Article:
Rejuvenation of the upper third of the face is based on improving the appearance of the upper eye and brow area. Besides an upper blepharoplasty to remove excess skin, lifting of the eyebrows may also be needed to improve upper eyelid hooding and elevate low hanging brows. The intent of both is to open the upper eye area for a more rested and refreshed look.
Browlifts can be done multiple ways and there are four basic techniques to do it. Three out of the four are done from far above the brows and use different scalp approaches. For the past 15 years, the endoscopic browlift has become one of the most common upper facial rejuvenation methods. Its advantages over scalp-based excisional approaches is the small amount of scar that is created as only enough incision is needed to introduce an endoscope and the instruments needs to work through it. This results in faster healing, less potential disruption of the hair follicles and decreased risk of permanent scalp numbness.
The appeal of the endoscopic browlift to a patient is obvious and plastic surgeons have embraced its use. But do patients find that it produces good results and are they happy they had it done? In the September issue of the Archives of Facial Plastic Surgery, a study reports on patient satisfaction and long-term results with the endoscopic browlift. Based on nearly 100 patients (almost all female patients with an average age of 60) who had the procedure between 1994 and 2007 with an average follow-up of over three years, the authors reviewed the incidence of complications and complaints as well as photographic measurements of before and after eyebrow-to-eye distances.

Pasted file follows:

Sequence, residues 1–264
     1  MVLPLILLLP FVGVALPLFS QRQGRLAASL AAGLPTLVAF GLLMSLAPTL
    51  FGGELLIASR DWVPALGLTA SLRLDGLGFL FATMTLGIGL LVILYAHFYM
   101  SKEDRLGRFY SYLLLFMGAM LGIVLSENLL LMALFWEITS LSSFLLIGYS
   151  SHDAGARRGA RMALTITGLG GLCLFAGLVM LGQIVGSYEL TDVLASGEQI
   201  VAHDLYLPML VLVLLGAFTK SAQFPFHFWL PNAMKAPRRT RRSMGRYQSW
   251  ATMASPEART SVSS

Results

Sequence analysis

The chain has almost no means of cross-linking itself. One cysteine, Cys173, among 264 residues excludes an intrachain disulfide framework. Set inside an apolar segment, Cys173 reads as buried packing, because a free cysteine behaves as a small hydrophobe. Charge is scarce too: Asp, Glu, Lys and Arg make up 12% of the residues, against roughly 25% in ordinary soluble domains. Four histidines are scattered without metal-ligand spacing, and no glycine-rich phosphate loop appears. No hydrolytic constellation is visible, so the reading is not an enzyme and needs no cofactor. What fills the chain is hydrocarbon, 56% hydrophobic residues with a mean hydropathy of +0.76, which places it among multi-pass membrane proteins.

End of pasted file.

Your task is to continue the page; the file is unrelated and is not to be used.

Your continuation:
The endoscopic browlift had average satisfaction scores of 7 out of 10. It produced an average of just over 5.5mms of elevation after surgery with showed a gradual decline of almost 1mm per year out to the duration of the study. It is interesting to note that significant brow asymmetry existed between the eyes. Fully 63% of the patients said they would have the procedure again or recommend it to a friend while nearly 20% said they would not.
The study concludes that most patients find the procedure very satisfying. That being said one-third of the patients were not satisfied which I find to be a high percent for a cosmetic procedure. One of the reasons for not a higher rate of patient satisfaction may be the older age of the patients. The endoscopic browlift works on the basis of an epicranial shift, the brows are elevated because the entire scalp is moved backwards. (this is why the forehead gets longer with this type of browlift) This is fine if there is not too much brow ptosis (sagging) or a lot of horizontal forehead wrinkles. But when the patient is older, skin excision through an open browlift will produce a better result that will last longer. This relegates the endoscopic browlift, most of the time, to younger patients with earlier and less significant upper facial aging.
Dr. Barry Eppley